Crafting a Series

In one of my first blogs I wrote that I enjoyed writing a fantasy novel that was stand-alone. The story was completely encapsulated. In Ahvarra the mystery at the center of the story is resolved, and each of the characters finds resolution. I have always been fond of Guy Gavriel Kay’s works, because most of his works are also stand-alone.


Several of the first handful of reviews on Amazon indicated liking the world I’d created so much that they hope for sequels that will explore more of it. And so I indulged my imagination and started down the path of what that would mean. Should I write a direct sequel? What would the conflict be? Which of the key characters would it involve? Would it require going back through the Heart again?

And I came to various conclusions. The first is that, yes, the world on the other side of the Heart can support additional stories. The second is that, no, those stories do not require all the same characters. 

What I have, therefore, is an idea that will span four books. The first, obviously, was Ahvarra. I am busy writing the second, which will not involve characters that were in Ahvarra. The third book won’t involve characters from the first two either. But, like Brandon Sanderson’s Cosmere universe, the world-building, magic systems and terminology inherent in Ahvarra will stretch across the series. The fourth book will, in my mind, bring characters from the first three together for one epic conclusion. 

So, three separate books, separate stories, separate characters, all in the same world with that world’s rules. With a fourth that brings matters to a head, as it were. 

One of the more interesting trends these days is major writers using self-publishing to bridge major books in their series via novellas. Brian McClellan is doing this successfully with the Powder Mage series and Patrick Rothfuss has also gotten into the mix with a novella in the Kingkiller Chronicles. Which of course gets my imagination flowing. Because certainly how each of the story threads–and the characters who will retain importance in the world–will need to get from their point of origin to where book four finds them, may be of interest to fans. And so telling those stories might also involve novellas. 

For those of you who think “ugh, another series” fret not. Like Ahvarra, book two will be stand-alone. And so will book three. You could read them by themselves and be entertained. Book four will likely be a challenge, as familiar faces from the first three will return.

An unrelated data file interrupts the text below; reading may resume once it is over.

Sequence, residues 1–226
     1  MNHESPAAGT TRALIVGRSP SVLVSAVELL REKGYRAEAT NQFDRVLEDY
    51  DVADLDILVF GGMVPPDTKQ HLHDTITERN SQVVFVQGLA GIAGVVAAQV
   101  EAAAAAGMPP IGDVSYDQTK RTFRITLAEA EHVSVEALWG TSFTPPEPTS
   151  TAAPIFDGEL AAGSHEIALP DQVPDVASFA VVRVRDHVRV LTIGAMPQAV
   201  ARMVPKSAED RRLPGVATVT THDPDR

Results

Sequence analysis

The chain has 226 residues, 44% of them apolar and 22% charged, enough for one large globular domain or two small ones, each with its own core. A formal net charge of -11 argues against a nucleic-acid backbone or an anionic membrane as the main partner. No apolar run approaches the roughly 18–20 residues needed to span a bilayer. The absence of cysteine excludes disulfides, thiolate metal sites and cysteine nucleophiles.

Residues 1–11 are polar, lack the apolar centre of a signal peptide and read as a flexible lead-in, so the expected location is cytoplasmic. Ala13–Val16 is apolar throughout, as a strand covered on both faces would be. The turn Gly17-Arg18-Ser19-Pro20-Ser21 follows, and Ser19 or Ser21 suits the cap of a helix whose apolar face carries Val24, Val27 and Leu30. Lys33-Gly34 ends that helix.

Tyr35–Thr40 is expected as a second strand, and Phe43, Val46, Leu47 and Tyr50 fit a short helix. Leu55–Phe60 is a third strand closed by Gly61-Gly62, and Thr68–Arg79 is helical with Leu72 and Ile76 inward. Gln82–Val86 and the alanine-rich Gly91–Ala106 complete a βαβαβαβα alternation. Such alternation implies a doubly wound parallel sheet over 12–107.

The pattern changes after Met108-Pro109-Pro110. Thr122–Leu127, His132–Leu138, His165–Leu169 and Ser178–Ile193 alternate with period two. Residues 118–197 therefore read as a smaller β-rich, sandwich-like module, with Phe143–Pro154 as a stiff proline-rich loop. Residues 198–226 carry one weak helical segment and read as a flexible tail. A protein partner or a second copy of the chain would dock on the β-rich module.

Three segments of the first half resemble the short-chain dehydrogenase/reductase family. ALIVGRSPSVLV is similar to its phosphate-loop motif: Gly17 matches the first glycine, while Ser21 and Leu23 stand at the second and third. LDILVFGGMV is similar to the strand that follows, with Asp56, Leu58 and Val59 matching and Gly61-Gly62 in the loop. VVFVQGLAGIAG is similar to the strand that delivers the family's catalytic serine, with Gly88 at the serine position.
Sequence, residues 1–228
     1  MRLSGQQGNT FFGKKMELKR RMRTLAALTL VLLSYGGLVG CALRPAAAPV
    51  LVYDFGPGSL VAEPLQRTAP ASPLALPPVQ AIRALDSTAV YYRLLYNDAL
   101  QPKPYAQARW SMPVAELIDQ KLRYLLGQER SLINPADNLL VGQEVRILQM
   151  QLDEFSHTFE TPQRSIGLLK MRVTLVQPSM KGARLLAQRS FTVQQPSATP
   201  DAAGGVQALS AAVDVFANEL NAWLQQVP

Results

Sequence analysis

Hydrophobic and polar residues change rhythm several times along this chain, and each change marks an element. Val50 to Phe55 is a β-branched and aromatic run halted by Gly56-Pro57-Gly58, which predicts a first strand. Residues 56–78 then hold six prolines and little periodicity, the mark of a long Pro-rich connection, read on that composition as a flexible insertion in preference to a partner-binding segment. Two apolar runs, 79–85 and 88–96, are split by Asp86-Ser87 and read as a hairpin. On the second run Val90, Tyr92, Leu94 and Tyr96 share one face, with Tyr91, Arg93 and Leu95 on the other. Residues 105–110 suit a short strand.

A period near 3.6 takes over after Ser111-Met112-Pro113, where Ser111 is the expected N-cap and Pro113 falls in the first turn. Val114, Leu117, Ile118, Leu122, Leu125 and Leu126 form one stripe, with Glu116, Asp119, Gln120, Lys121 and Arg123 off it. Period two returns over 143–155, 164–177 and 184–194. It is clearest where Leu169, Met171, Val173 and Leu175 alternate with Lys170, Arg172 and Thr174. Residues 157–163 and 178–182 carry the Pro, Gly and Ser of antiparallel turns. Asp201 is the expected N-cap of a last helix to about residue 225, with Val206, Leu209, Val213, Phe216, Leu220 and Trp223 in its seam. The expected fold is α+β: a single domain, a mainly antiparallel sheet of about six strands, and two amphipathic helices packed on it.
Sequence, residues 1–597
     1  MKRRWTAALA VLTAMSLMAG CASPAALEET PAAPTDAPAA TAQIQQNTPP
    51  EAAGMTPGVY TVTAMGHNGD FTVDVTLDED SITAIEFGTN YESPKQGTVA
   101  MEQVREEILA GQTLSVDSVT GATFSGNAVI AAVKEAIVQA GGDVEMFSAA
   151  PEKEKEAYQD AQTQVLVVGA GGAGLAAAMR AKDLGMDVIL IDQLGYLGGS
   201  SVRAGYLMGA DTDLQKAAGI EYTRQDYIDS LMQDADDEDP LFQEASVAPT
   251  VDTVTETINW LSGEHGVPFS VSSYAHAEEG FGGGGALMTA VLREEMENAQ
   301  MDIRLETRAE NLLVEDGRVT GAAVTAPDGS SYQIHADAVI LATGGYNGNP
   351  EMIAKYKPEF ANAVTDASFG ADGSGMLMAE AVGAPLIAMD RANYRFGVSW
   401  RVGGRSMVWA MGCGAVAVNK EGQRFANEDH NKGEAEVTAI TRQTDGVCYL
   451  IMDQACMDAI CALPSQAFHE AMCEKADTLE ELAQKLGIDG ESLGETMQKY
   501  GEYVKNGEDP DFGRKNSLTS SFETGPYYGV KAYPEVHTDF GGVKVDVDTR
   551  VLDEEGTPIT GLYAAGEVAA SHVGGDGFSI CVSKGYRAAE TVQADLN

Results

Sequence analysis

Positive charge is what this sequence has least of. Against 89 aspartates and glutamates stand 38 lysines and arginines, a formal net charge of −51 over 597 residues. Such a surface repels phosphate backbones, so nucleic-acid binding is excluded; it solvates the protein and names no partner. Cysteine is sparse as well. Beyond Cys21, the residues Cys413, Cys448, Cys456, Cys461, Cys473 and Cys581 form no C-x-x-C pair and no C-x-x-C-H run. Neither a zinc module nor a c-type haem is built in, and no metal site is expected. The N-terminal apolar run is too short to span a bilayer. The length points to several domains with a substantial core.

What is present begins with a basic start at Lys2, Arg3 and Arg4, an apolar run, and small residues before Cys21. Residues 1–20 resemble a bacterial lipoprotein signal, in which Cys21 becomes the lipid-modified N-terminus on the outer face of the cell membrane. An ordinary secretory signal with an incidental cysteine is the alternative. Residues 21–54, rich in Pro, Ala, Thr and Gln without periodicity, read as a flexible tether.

All in all it’s been a fun challenge over the past couple of months, seeing how readers have responded positively to Ahvarra and setting my imagination to how to craft more stories from its world. I hope each of the books entertains the readers as much as imagining them–and writing them–entertains me.

Making and/or Finding Time To Write – It’s Called Prioritizing

Some of the best novels ever imagined were never written. The would-be author had a fantastic idea, a vivid set of characters, interactions, conflicts, worlds to explore … and the would-be author never found the time to write. One of the keys to writing, of course, is the actual writing. Yes, interaction is key, living is key. People who tend to closet themselves in a, well, closet, don’t tend to write the most believable characters nor do they write stories most of us can relate to. Why? Because they aren’t out there interacting with the rest of the human race to determine what interests us.

And so the challenge, of course, is finding the time or making the time. Almost every author you run across will tell you this simple recipe: “Write.” They will follow that up with “Write write write write write write” because, quite simply, to get from that blank page staring at you to the last period on the last page takes quite a bit of energy. You can do it, but it’s going to be like the caterpillar turning into a butterfly. There’s a transformation that takes place when the images in your head become words on a page, and when those words begin to flow of their own volition and begin to create new images you hadn’t originally imagined, it’s something that will transform you.